Myrtle Beach police plan summit to gather possible solutions for Memorial Day weekend violence

Myrtle Beach’s police chief has invited law enforcement officers from up and down the East Coast to Myrtle Beach for a summit to gather possible solutions to deal with the violence that occurred in the city during Memorial Day weekend.

Myrtle Beach Police Chief Warren Gall said it was the violence and rowdiness seen in the city during Memorial Day weekend, when thousands came to the Grand Strand to attend Atlantic Beach Bikefest and Military Appreciation Days, that caused him to begin putting together the Myrtle Beach Special Events Summit to be held in September. Three people were killed and seven injured during eight shootings in Myrtle Beach that weekend.

“I want to invite the agencies that are not hosting these kind of events, but seeing them pop up in their communities,” Gall said. “We’ll hear from people who are faced with these issues, what they’re facing, what worked and what didn’t work.”

The summit will take place Sept. 21 to Sept. 23 at the Myrtle Beach Convention Center. Registration already is open.

Gall said he hopes to draw about 100 law enforcement officers and local government administrators from throughout the East Coast to the summit, who will share information about how those departments deal with events that are similar to Bikefest.

Gall has said he believes that a triple homicide at an Ocean Boulevard hotel during Memorial Day weekend is directly connected to the motorcycle rally.

Three people were killed and one person was injured in a May 24 shooting at Bermuda Sands Resort. There have been no arrests in connection with the killings. There were seven other confirmed shootings along Ocean Boulevard that injured six people that weekend.

Gall said he attempted to put together a similar summit a few years ago, but did not get a lot of interest from other areas. This time, more jurisdictions are interested in taking part, he said.

Myrtle Beach does not grant any motorcycle-related special event permits during May. Bikefest is based in the four-block town of Atlantic Beach, but the small town is unable to hold all of the festival goers and many spill over into other areas of the Grand Strand.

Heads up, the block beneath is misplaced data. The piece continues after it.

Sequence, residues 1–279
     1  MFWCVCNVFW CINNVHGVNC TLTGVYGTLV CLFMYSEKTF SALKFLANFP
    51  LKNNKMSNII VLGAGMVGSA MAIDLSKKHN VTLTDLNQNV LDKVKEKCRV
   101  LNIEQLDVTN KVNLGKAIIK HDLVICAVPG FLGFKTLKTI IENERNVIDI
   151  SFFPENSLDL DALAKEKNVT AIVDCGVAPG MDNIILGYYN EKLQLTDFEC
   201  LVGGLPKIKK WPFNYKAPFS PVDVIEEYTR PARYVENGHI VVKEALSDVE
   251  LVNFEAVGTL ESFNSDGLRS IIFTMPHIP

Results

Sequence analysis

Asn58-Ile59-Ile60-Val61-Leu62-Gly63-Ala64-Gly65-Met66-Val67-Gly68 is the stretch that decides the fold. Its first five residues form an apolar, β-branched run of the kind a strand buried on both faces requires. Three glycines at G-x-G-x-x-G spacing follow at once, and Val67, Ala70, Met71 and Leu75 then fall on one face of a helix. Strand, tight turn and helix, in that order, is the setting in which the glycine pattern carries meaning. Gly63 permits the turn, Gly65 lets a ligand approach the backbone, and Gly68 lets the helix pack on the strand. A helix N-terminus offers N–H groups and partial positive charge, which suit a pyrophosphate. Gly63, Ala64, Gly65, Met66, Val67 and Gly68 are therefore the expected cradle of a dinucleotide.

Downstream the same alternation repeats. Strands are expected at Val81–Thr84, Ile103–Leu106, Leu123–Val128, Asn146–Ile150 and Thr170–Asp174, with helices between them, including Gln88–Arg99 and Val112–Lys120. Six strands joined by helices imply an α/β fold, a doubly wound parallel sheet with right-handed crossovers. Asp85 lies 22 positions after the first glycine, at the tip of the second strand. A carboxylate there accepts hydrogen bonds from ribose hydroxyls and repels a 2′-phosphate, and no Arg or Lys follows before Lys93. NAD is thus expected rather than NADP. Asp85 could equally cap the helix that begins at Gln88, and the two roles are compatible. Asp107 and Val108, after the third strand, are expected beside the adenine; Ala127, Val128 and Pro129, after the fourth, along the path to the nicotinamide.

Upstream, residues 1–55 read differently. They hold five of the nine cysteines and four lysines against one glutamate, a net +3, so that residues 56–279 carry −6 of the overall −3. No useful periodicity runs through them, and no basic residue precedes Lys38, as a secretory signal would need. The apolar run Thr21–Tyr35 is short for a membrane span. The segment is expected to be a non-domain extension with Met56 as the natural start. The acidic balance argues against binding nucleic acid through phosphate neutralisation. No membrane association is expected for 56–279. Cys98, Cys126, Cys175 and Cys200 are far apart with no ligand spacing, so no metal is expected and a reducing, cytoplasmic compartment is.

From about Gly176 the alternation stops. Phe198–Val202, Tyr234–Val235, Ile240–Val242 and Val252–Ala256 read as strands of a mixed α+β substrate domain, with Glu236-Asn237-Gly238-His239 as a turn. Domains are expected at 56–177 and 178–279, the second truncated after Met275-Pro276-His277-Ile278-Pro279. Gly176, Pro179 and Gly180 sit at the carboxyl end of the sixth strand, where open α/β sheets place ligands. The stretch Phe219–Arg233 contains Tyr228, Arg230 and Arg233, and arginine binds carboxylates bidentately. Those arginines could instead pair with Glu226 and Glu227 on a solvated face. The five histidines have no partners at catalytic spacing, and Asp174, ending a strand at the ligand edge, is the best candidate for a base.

Myrtle Beach assistant city manager John Pedersen said the fact that there is no organization to the event when it reaches the city makes it difficult to implement changes with those coming to town for Bikefest.

Pedersen oversees the city’s special event technical review committee, which works with event organizers and makes recommendations to City Council on whether or not to grant the event a permit.

“What we do doesn’t relate to this un-permitted event that just happens,” Pedersen said, adding that when someone proposes holding a larger event in the city, there is a lot of negotiation between the city and the event promoter. “Dealing with Bikefest in Myrtle Beach, there’s no organizer to go to, nobody to negotiate a change with, no one to talk to about traffic patterns and EMS that would be needed.”

Gall said as of Thursday, the police department from Virginia Beach, Va., was confirmed to present during the summit in addition to a joint presentation from Myrtle Beach, North Myrtle Beach and Horry County police.

He said he’s spoken with representatives from Charlotte, N.C., Miami and Daytona Beach, Fla., and has extended invitations to police departments from areas ranging from Chicago and Ocean City, Md., to Louisville, Ky., and Galveston, Texas.

“The brighter minds we have there, the better ideas we’ll hear,” Gall said. “We’re not above borrowing ideas from anyone.”

He said he also views the summit as a networking opportunity. State law does not allow law enforcement officers from other states to enforce laws in South Carolina but some lawmakers have said they hope to lift that restriction by next Memorial Day.

Myrtle Beach Councilwoman Susan Grissom Means said she’s sure the summit will help the city as it continues to search for ways to get things under control during Memorial Day weekend. She said she also hopes the summit will open the lines of communication for the different agencies to lend each other a hand when needed.

“We’re trying to get as much help as we can here to enforce the laws on the books,” Means said.

The S.C. General Assembly approved a last-minute budget amendment in June that allows up to one third of accommodations taxes returned to Horry County – or municipalities in Horry County – to be set aside to pay for public safety during events held in May.

That could result in up to $2.3 million available to Myrtle Beach to pay for additional law enforcement next year.

Gall said he does not envision the summit being held again, but is open to the idea.

“Maybe it will be so well attended and it will go so well that someone else will want to do something similar in their town in the future,” he said.

For more information on the summit, visit www.myrtlebeachspecialeventssummit.com.